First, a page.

CHILDREN’S services in the Dudley borough have “significant vulnerabilities”, an Ofsted visit has found.

Inspectors from Ofsted carried out a focused visit of children’s services at the local authority last month with the findings of the visit published this week in a letter by inspector Alison Smale to Catherine Knowles, interim director of children’s services at the local authority.

The letter, published on January 21, summarises the findings of the two-day visit which focused on assessments of plans to help children in need and those with safeguarding concerns.

In the letter, inspectors state that senior leaders acknowledge that the quality of social work practice has “deteriorated” since children’s service were last inspected in October 2018 and that “significant vulnerabilities” are apparent within the department due to positive actions not yet having an impact on services.

Her Majesty’s Inspector Alison Smale stated: “The new leadership team is very new, and actions taken and associated plans have not yet had an impact on services.

“As a result, there are significant vulnerabilities within the service, which mean that too many children do not have their needs assessed in a timely and effective way.

“Consequently, some children do not receive the right service to meet their needs when they need it, and they remain vulnerable for too long.”

The experiences of children subject to an assessment; children vulnerable to radicalisation and homeless young people were also examined.

An immediate review of all disabled children’s cases is set to be carried out, the letter states, after council chiefs acknowledged the concerns raised by the visit.

Inspectors reported how children with disabilities do not have regular re-assessments, with some children not receiving an assessment for several years. Inspectors said there may be children who have unassessed and unmet needs, which adds to their vulnerability.

Chiefs at children’s services have been told to improve in a number of areas, including the timeliness and quality of assessments; to ensure parents and children receive the right help at the right time; to recognise the impact of domestic abuse on children; to improve the response to children vulnerable to radicalisation and to offer more help to young people who are homeless.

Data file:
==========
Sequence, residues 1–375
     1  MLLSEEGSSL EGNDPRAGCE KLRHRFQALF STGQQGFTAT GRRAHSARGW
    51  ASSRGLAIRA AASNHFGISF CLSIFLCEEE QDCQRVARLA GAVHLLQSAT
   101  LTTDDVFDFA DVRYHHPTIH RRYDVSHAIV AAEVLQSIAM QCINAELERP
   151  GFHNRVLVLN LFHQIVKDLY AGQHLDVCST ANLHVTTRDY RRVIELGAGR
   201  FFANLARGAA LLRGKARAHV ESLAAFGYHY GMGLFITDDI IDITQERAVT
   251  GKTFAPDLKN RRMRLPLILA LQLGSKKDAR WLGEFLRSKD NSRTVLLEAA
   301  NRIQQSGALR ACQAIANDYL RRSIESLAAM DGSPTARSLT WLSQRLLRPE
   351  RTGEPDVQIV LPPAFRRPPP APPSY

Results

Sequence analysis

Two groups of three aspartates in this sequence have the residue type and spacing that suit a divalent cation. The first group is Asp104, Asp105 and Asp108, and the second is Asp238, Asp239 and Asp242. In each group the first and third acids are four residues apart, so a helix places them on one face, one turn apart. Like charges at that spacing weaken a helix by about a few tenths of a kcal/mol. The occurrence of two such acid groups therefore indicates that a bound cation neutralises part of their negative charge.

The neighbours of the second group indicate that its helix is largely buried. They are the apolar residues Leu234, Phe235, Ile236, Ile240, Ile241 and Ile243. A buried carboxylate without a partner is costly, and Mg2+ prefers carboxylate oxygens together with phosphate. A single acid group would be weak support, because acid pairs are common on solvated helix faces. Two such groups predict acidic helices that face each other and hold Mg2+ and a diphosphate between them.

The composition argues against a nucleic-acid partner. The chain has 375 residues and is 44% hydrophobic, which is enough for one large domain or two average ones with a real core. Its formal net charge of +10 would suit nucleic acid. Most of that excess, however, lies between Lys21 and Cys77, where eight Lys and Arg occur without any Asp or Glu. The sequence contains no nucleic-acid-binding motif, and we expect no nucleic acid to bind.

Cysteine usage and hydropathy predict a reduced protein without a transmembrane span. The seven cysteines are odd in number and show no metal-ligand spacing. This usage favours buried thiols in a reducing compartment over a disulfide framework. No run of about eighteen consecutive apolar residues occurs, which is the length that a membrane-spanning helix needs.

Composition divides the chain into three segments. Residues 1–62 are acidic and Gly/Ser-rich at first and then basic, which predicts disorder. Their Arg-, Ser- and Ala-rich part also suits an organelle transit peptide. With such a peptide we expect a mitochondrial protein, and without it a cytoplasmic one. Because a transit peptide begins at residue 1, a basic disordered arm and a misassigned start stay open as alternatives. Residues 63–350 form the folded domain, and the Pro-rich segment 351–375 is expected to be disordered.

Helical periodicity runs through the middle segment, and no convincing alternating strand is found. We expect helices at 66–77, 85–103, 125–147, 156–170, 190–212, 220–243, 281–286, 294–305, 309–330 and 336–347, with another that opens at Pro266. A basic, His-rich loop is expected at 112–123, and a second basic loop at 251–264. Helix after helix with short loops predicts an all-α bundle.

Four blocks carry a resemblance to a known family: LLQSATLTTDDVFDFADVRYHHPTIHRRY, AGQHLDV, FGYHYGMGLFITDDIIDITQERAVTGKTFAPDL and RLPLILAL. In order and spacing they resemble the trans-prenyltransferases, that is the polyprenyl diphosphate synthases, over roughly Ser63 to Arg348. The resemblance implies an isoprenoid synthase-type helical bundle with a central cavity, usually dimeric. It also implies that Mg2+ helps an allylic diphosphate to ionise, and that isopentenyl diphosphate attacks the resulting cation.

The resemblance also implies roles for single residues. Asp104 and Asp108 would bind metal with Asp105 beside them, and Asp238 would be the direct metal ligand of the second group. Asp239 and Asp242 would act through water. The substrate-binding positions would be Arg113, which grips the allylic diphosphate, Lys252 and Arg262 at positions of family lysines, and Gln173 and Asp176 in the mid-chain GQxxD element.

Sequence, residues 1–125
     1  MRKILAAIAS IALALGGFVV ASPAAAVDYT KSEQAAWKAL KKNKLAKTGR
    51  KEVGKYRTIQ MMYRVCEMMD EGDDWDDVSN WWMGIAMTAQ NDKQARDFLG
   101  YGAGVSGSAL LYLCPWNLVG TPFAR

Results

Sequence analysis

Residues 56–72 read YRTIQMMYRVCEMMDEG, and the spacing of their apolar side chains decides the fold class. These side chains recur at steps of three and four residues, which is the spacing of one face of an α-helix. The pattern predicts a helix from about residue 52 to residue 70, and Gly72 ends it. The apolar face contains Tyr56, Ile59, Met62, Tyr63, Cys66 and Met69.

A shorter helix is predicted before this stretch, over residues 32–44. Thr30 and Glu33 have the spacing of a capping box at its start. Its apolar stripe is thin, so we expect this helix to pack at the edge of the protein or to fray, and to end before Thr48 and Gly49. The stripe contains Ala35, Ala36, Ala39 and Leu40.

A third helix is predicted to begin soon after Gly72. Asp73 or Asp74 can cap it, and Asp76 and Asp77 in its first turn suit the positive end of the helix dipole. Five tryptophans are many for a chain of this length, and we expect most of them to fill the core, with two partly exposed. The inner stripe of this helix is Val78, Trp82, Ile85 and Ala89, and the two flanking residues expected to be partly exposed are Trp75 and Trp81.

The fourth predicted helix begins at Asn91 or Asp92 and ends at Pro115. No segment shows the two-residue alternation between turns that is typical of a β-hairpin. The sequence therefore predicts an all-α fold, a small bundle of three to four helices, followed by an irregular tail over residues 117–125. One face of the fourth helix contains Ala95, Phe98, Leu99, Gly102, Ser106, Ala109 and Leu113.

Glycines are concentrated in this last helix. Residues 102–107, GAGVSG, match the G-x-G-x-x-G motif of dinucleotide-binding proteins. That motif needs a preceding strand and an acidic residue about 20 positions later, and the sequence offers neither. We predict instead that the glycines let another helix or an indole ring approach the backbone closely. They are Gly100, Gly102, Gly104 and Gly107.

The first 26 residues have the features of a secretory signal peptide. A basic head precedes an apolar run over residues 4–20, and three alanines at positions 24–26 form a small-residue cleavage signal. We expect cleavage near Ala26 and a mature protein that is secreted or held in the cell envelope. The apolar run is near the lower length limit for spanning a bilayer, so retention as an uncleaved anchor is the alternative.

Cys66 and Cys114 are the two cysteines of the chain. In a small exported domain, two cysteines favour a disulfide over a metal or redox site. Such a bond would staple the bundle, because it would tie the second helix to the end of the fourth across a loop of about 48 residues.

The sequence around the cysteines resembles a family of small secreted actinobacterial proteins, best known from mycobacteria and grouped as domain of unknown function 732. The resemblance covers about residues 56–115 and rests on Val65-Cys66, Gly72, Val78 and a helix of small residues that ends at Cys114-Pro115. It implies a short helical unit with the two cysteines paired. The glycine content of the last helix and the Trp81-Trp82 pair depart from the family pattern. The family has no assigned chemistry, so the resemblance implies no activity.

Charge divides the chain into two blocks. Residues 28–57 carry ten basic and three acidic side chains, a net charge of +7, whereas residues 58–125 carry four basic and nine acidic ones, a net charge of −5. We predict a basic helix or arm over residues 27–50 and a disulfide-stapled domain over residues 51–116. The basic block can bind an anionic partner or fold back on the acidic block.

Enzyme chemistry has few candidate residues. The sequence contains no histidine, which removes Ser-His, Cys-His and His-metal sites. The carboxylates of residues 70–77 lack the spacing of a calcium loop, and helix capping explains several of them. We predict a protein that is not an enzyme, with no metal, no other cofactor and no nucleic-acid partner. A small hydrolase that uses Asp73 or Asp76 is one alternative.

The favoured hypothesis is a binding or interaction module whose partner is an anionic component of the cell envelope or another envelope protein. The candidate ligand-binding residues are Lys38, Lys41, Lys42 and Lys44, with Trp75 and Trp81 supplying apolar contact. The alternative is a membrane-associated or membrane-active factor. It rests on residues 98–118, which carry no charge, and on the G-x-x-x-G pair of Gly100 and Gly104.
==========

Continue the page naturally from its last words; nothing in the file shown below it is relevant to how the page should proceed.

Inspectors did acknowledge, however, how leaders know the service well and had accepted all feedback provided by inspectors during the visit.

The letter praised Ms Knowles, who arrived at the council in October last year, and new chief executive Kevin O’Keefe, saying the senior leadership team has been “strengthened” within the service.

The new senior management team was praised for bringing “energy and direction” and was said to be developing a “clear vision” for the service.

Inspectors noted an improvement in the recruitment and retention of social workers, adding that social workers were “overwhelmingly positive” about the changes being brought in by "visible" senior managers.

The report also acknowledged how work had already started to improve support given to young homeless people, the quality of emergency out of hours provision and strengthening professional development.

Council chiefs said the letter showed the department is "moving in the right direction".

Councillor Ruth Buttery, cabinet member for children and young people, said: “We have accepted all of the feedback provided by the inspectors during the course of this visit.

“We were aware of what we need to do to improve and this visit has reinforced that. We are already well along the road towards making the suggested improvements, although of course we recognise there is some way still to go.

“I think it’s important to highlight there were no safety concerns at all in the letter, or any implication that vulnerable children under the care of the council are unsafe.

“There were a lot of positives to indicate we are moving in the right direction and I have every confidence that our new senior management team will deliver, given time.”

The findings of the visit will be taken into account when Ofsted next inspects or visits the service.